Archive for November 27th, 2008

I’ve gathered a few accounts of behavior at the “first” Thanksgiving.  I can imagine most of this social behavior wasn’t particular to just the Thanksgiving celebration – it’s probably general 17th century eating and social customs.

Approach to serving the feast (from History.com):

Seventeenth Century Table Manners:

The pilgrims didn’t use forks; they ate with spoons, knives, and their fingers. They wiped their hands on large cloth napkins which they also used to pick up hot morsels of food. Salt would have been on the table at the harvest feast, and people would have sprinkled it on their food. Pepper, however, was something that they used for cooking but wasn’t available on the table.

In the seventeenth century, a person’s social standing determined what he or she ate. The best food was placed next to the most important people. People didn’t tend to sample everything that was on the table (as we do today), they just ate what was closest to them.

Serving in the seventeenth century was very different from serving today. People weren’t served their meals individually. Foods were served onto the table and then people took the food from the table and ate it. All the servers had to do was move the food from the place where it was cooked onto the table.

Pilgrims didn’t eat in courses as we do today. All of the different types of foods were placed on the table at the same time and people ate in any order they chose. Sometimes there were two courses, but each of them would contain both meat dishes, puddings, and sweets.

Fasting not feasting (from Wikipedia):

The Pilgrims did not hold a true Thanksgiving until 1623, when it followed a drought, prayers for rain, and a subsequent rain shower. Irregular Thanksgivings continued after favorable events and days of fasting after unfavorable ones. In the Plymouth tradition, a thanksgiving day was a church observance, rather than a feast day.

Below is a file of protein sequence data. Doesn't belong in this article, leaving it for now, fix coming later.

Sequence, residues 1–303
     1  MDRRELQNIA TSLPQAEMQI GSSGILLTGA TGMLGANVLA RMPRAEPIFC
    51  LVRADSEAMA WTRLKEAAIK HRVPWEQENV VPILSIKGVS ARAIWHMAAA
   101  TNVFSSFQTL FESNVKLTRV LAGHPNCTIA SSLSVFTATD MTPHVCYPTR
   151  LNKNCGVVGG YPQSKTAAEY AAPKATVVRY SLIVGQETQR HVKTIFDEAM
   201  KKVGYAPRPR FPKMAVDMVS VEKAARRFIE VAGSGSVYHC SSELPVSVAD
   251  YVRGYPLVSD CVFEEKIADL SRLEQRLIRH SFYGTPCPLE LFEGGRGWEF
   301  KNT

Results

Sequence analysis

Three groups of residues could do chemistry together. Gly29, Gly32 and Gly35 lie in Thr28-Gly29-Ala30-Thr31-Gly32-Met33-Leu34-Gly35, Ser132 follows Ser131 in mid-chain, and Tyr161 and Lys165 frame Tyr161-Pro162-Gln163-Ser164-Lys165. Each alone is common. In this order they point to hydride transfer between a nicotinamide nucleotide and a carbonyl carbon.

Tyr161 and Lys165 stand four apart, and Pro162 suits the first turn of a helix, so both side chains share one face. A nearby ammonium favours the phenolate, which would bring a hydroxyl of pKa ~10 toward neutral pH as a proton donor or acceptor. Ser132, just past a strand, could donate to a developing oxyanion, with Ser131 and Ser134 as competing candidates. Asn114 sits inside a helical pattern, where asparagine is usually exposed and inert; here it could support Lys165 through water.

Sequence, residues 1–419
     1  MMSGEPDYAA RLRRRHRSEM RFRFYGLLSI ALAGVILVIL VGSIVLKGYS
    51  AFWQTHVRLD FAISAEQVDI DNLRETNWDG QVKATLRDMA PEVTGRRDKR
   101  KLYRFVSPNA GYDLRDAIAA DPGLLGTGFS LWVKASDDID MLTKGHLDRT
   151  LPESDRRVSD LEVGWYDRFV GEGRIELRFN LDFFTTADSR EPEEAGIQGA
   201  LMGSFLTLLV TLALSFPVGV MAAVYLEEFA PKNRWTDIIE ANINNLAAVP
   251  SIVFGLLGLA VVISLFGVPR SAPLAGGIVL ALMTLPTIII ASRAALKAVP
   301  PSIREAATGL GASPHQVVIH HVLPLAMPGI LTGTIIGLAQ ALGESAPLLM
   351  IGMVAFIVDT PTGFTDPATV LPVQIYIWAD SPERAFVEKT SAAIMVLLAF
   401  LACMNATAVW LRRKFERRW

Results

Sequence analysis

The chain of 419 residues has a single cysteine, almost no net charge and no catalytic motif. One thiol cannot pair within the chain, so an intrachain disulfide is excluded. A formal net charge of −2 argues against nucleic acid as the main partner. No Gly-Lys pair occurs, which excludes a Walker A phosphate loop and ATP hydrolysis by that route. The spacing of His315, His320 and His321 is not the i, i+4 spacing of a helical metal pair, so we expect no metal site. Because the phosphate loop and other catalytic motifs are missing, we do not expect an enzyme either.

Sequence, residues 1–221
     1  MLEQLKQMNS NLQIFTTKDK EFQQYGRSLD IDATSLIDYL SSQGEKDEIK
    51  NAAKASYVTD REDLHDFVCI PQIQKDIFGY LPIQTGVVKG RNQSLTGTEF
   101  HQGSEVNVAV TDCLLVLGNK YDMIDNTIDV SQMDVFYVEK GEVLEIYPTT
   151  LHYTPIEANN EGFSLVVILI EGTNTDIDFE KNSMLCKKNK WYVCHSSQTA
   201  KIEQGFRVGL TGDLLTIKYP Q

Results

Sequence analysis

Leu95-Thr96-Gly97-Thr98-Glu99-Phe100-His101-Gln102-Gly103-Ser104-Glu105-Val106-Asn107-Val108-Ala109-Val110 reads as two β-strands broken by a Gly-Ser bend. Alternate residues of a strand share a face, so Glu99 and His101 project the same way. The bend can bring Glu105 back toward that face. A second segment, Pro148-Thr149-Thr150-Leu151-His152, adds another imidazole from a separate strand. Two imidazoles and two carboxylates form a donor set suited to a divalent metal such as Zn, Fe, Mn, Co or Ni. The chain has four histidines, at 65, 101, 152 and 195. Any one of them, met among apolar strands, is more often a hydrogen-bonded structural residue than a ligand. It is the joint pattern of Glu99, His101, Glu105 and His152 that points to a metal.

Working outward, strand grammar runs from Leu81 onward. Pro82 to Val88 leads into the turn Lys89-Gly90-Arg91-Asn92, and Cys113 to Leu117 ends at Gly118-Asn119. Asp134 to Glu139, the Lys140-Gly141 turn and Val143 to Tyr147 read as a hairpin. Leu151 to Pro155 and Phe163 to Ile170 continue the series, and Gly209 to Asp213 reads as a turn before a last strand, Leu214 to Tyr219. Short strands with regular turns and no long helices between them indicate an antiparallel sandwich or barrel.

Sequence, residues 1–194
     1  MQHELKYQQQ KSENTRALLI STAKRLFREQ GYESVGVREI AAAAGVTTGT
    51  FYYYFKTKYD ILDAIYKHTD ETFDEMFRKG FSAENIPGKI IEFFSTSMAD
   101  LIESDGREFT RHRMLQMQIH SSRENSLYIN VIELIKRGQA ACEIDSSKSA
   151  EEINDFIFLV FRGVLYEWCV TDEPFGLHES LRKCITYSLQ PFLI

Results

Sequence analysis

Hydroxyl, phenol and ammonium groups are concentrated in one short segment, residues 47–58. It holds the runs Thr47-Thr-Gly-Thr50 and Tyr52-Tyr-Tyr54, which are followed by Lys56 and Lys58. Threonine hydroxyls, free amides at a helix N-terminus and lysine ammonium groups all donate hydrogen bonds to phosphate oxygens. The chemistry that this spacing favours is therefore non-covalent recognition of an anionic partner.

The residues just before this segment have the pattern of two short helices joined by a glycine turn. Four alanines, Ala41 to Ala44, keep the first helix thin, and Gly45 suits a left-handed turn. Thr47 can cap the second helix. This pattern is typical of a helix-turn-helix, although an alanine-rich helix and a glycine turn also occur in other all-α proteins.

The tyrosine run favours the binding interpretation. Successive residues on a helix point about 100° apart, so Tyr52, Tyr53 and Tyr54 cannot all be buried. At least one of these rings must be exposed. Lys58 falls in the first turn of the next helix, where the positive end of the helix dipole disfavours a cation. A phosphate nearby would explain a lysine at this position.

Gradually, an annual Thanksgiving after the harvest developed in the mid-17th century. This did not occur on any set day or necessarily on the same day in different colonies in America.

The Massachusetts Bay Colony (consisting mainly of Puritan Christians) celebrated Thanksgiving for the first time in 1630, and frequently thereafter until about 1680, when it became an annual festival in that colony; and Connecticut as early as 1639 and annually after 1647, except in 1675. The Dutch in New Netherland appointed a day for giving thanks in 1644 and occasionally thereafter.

Charlestown, Massachusetts held the first recorded Thanksgiving observance June 29, 1671 by proclamation of the town’s governing council.

During the 18th century individual colonies commonly observed days of thanksgiving throughout each year. We might not recognize a traditional Thanksgiving Day from that period, as it was not a day marked by plentiful food and drink as is today’s custom, but rather a day set aside for prayer and fasting.

Later in the 1700s individual colonies would periodically designate a day of thanksgiving in honor of a military victory, an adoption of a state constitution or an exceptionally bountiful crop. Such a Thanksgiving Day celebration was held in December 1777 by the colonies nationwide, commemorating the surrender of British General Burgoyne at Saratoga.

Thanksgiving wasn’t always about giving thanks, often it was a celebration of military victory (from Oyate.org):

Myth #10: The Pilgrims and Indians became great friends.